CONTENT WARNING: LABELS, SPEAKING TRUTH to POWER
Cultural appropriation happens when a person outside of a culture
assumes an aspect of that culture without fully comprehending what it is
they are doing. Typically, this is when a member of a dominant culture takes on something that is considered to be unique of a marginalized culture.
For instance, I’ve been watching The Great Food Truck race. One of
the food trucks involved was called Spice It Up. The theme of this truck
was curry and Indian-inspired flavors. However, the three women who ran
this truck are white. It could be argued that they had appropriated
Indian culture for the purposes of making a profit. But for all I know,
these women could have loved ones who have “adopted” them into this
culture and shared it with them.
And therein lies one of the differences between cultural appropriation and cultural exchange.
I’ve heard it said that non-binary, gender expansive white persons
should not use the phrase “two-spirit” to describe themselves as this is
appropriating Native American culture. Yet a two-spirit Cherokee
medicine person who had been designated female at birth once described
me as two-spirit. This was exchange from their part, but I do not take
this title for myself. Similarly, at Gender Spectrum in 2012 I met a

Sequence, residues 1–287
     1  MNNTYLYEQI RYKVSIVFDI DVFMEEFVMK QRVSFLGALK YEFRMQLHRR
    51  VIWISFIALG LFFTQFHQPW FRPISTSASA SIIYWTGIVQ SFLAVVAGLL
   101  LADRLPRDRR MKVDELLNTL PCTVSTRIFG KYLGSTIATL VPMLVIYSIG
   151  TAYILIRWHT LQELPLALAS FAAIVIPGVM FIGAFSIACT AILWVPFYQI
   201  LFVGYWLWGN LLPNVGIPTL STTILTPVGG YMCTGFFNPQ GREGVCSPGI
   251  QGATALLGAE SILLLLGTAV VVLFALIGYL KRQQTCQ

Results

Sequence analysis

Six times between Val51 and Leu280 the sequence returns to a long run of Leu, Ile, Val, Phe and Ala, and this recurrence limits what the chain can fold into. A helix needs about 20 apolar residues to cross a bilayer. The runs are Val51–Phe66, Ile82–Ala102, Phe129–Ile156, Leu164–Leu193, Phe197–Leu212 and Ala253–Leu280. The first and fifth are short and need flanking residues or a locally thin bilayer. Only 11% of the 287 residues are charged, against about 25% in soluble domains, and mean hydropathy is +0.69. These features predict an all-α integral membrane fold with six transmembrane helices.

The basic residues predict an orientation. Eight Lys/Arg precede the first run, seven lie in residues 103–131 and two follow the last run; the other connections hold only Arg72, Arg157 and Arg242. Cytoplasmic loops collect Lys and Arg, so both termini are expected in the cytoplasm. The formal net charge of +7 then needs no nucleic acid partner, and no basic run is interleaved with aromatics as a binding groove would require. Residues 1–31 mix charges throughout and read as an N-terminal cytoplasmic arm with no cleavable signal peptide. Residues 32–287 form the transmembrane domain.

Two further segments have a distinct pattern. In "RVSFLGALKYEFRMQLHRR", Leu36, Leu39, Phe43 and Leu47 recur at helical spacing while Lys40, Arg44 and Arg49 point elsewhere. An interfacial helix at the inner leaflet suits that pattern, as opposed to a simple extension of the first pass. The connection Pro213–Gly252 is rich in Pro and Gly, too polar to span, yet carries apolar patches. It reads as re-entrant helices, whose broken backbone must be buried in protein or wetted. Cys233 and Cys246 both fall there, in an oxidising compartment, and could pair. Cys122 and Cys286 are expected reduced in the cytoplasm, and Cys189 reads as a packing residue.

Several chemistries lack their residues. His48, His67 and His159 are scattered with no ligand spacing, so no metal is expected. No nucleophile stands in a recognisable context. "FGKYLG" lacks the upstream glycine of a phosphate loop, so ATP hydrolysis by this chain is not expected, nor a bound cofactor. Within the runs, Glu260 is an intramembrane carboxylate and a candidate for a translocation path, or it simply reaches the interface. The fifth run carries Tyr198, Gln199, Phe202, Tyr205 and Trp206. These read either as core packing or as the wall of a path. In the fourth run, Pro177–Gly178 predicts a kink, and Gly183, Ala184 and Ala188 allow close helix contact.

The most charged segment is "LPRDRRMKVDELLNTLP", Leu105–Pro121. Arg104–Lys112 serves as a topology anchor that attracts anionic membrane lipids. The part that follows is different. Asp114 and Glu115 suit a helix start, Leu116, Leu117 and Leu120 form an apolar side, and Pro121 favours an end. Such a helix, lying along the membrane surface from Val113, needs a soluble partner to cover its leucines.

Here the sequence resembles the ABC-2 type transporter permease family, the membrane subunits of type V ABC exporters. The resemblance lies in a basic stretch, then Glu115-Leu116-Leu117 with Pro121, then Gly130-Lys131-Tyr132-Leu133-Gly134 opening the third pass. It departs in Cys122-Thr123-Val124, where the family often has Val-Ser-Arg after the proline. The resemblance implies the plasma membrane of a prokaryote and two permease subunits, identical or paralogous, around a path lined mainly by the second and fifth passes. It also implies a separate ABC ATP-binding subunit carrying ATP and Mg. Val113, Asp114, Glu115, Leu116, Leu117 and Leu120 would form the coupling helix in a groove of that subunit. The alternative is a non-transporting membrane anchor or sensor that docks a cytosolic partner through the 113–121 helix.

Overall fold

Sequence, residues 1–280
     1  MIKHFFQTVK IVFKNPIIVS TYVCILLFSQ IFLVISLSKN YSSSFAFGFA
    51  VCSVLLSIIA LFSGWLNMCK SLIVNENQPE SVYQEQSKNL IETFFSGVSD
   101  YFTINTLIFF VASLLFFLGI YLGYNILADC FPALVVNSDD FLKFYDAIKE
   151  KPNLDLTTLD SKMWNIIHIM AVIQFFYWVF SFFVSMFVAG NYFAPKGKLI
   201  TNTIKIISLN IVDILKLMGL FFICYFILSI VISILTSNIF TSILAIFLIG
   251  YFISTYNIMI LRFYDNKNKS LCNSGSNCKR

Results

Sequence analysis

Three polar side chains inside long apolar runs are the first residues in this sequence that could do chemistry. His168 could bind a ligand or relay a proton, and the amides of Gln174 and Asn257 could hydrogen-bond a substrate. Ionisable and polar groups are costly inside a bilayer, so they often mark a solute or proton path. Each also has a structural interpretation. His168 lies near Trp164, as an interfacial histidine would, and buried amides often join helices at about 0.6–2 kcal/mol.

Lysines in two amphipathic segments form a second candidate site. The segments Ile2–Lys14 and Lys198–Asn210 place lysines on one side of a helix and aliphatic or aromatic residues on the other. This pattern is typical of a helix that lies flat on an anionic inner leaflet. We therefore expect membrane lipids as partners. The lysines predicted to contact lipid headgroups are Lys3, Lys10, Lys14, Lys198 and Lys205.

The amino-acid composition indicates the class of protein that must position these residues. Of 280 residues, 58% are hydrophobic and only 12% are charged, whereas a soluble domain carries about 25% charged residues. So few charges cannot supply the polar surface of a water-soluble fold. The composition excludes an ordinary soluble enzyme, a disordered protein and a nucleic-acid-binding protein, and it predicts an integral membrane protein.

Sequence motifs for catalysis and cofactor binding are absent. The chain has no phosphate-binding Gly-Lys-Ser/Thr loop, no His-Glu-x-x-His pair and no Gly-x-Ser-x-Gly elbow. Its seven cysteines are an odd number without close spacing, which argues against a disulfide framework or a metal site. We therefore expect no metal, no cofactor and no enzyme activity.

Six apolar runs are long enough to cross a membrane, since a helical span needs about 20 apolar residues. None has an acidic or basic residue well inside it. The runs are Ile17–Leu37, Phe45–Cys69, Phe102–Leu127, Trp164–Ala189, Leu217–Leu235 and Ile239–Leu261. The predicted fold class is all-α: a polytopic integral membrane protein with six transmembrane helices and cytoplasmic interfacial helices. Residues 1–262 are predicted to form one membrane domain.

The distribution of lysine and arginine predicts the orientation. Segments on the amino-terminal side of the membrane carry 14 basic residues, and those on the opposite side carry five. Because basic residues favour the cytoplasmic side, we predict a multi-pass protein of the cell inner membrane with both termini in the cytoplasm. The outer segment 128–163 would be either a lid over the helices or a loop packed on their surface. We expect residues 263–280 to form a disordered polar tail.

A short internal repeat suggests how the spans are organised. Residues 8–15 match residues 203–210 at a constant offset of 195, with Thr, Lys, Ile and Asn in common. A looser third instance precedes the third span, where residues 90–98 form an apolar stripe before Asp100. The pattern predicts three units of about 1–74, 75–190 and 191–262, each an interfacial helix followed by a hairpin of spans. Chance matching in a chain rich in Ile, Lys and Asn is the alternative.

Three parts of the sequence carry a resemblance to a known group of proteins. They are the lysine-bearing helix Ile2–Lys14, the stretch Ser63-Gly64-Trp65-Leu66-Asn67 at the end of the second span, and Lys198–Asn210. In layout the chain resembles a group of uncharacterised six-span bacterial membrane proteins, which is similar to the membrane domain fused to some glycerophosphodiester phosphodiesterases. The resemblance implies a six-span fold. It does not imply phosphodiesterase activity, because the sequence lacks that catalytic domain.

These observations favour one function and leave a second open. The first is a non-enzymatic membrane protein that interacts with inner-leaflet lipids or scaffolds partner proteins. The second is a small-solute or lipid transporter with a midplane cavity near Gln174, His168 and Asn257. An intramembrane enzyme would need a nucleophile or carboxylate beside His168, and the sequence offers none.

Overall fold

bigender white person who had been designated male at birth who also
called themself two-spirit. This was because they had been adopted into
the Navajo nation and had been consecrated as a medicine person. Again,
this was cultural exchange on behalf of the Navajo who adopted this
person and conveyed this title open them.
Where it can get a little muddied is with white persons such as
myself who are of mixed European ancestry. I’m half Italian, a quarter
Irish, and the remaining quarter a mixture of English, Welsh, Scottish,
and Dutch. It has been suggested to me that it would be wrong for me to
adopt aspects of Irish culture for myself as it’s been too long since my
familial ancestors had actually lived in Ireland. On my mother’s side,
my great-grandparents were born in Italy. They immigrated to the US in
the early 1900s, and that’s more recent than when my other European
ancestors arrived here.
In some ways, I feel it might not be proper for me to write on this
topic. What might seem like cultural appropriation from the point of
view of a casual observer might in fact be cultural exchange, depending
on the life experiences and ancestry of the person being observed. It’s
not so uncommon to encounter persons who are multi-racial and,